The wisdom of enforcing the First Amendment against government efforts to squelch speech—even corporate speech—was made real to supporters of same-sex marriage last week. T-Mobile, the cell phone powerhouse, announced it was contributing $25,000 to the campaign supporting Initiative 74, the Washington State ballot measure that would legalize same-sex marriage in the state. In doing so, T-Mobile joined Amazon.com, Google, Microsoft, Nike and Starbucks in deciding to participate in the debate on this controversial political issue.
If you like what T-Mobile has done, you can thank the U.S. Supreme Court—but not the ruling in Citizens United v. FEC, which freed corporations and unions to spend money supporting or opposing candidates. Rather, T-Mobile’s contribution was made possible by First National Bank of Boston v. Bellotti, a 34-year-old decision recognizing that the government cannot, under the First Amendment, prohibit corporations from contributing to ballot initiative campaigns. Without that ruling, states would be free to censor companies like T-Mobile and forbid them from informing voters on the most important issues of the day.
What the Supreme Court did in Bellotti and in Citizens United is often wrongly labeled “judicial activism.” Although the meaning of that epithet varies, it usually, and lazily, refers to a court striking down a law put in place by a democratically-elected legislature. But courts have an obligation to strike down democratically-enacted laws when they violate the Constitution. That requires courts to review the facts, the law, and the Constitution without deferring to the government—the very entity the Constitution is supposed to protect us from.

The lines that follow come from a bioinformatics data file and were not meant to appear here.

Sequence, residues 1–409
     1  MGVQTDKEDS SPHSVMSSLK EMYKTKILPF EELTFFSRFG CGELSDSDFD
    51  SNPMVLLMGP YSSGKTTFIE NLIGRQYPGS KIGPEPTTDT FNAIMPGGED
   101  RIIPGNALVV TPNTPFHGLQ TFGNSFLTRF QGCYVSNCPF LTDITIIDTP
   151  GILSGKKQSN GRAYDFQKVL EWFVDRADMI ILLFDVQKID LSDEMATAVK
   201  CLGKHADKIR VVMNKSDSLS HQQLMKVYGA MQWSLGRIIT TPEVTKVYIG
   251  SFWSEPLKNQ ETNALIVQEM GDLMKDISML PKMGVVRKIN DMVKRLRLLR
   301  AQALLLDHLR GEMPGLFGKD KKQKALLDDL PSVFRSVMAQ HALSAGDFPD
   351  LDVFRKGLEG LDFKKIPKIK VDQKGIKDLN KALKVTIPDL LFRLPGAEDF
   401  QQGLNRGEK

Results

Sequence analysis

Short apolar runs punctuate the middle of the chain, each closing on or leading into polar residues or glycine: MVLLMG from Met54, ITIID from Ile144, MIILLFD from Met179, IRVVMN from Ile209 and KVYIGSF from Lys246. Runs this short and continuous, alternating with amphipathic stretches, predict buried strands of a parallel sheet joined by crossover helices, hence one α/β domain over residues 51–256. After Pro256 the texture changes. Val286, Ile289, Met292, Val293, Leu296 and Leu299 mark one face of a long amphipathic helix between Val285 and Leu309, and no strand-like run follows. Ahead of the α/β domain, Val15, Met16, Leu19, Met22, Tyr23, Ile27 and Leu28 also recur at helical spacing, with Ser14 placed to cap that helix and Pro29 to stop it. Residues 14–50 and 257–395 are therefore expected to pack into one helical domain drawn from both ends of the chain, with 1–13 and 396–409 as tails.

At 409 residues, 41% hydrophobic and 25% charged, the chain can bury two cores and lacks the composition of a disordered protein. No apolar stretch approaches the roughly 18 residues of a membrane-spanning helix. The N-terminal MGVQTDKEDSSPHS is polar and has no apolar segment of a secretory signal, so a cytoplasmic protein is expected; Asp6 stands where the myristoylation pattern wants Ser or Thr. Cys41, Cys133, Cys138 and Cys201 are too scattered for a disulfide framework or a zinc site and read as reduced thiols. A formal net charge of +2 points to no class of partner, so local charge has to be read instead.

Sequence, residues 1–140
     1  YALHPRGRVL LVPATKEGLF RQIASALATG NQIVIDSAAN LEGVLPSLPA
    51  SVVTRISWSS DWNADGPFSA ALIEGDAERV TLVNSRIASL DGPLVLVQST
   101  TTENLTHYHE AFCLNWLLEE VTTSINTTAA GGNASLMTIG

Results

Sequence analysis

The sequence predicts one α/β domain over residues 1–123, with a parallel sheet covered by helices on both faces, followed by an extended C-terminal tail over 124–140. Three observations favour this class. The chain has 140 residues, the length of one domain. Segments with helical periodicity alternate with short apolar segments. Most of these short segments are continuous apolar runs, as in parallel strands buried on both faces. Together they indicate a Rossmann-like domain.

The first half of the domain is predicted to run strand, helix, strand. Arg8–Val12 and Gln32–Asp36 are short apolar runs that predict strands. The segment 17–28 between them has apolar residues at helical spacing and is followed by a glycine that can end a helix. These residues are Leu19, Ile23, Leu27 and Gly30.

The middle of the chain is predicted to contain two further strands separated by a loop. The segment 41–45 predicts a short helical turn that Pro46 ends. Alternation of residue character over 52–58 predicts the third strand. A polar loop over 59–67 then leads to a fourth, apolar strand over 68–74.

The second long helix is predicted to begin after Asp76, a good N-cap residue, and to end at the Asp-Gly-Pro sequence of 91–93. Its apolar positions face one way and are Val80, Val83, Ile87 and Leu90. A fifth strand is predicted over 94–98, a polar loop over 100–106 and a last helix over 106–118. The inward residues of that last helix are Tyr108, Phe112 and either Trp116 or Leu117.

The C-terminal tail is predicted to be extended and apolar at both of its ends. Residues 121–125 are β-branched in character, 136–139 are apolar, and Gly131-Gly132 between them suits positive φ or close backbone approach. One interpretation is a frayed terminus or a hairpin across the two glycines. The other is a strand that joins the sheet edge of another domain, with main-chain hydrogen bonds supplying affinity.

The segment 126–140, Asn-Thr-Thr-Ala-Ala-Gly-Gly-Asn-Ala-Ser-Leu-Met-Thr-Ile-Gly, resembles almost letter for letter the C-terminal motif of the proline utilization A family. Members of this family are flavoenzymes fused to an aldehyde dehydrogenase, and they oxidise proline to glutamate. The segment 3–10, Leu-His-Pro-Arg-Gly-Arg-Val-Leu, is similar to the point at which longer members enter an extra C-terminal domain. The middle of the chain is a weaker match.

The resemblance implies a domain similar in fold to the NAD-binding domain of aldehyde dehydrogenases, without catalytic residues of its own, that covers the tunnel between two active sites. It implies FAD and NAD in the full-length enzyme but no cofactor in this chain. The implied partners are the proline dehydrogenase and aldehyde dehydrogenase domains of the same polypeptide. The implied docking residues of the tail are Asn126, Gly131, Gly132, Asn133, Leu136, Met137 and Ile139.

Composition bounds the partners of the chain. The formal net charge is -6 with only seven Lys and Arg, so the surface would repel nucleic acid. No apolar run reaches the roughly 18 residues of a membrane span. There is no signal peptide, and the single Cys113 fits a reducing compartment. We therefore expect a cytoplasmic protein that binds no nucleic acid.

A better term for what the Supreme Court did for free speech in Bellotti is “judicial engagement.” Judicial engagement on free speech and elections has helped preserve the robust debate we have today. In another Supreme Court ruling from over 30 years ago—Buckley v. Valeo—the court struck down limits on the amount of money that political campaigns could spend promoting their views. And, thanks to the 2010 Citizens United decision, both for-profit and non-profit corporations can now spend money to encourage people to vote for or against candidates themselves, speech that was previously often illegal.
All of these rulings struck down democratically-enacted laws, but all of them did so to vindicate the First Amendment, resulting in more speech and a more robust public debate.
But it might not always be so. Many of the Supreme Court’s recent campaign-finance rulings have been decided by 5-4 votes and could easily have gone the other way.
Equally troubling, many proponents of so-called campaign finance “reform” are pushing for constitutional amendments that would strip all corporations—large or small—of their ability to participate in public debate. These “reformers” argue that corporate money corrupts the political process by “buying” votes. But this argument suggests that voters are incapable of deciding for themselves whether same-sex marriage should be legal as long as “moneyed interests” such as T-Mobile are permitted to try to persuade them. Nothing could be more insulting to what the Supreme Court has aptly described as America’s “profound national commitment to the principle that debate on public issues should be uninhibited, robust, and wide-open.”
Whatever position you take on Initiative 74, or on politics in general, all of us benefit from the freedom to hear a variety of voices—including corporate voices—on the most important issues of the day. Protecting that freedom means insisting on judges who engage with the Constitution and are not afraid to strike down laws whenever they restrict political speech.
Anthony Sanders is an attorney at the Institute for Justice, which litigates campaign-finance cases nationwide.
Source: AFF Doublethink Online | Joseph Hammond
Source: AFF Doublethink Online | Emma Elliott Freire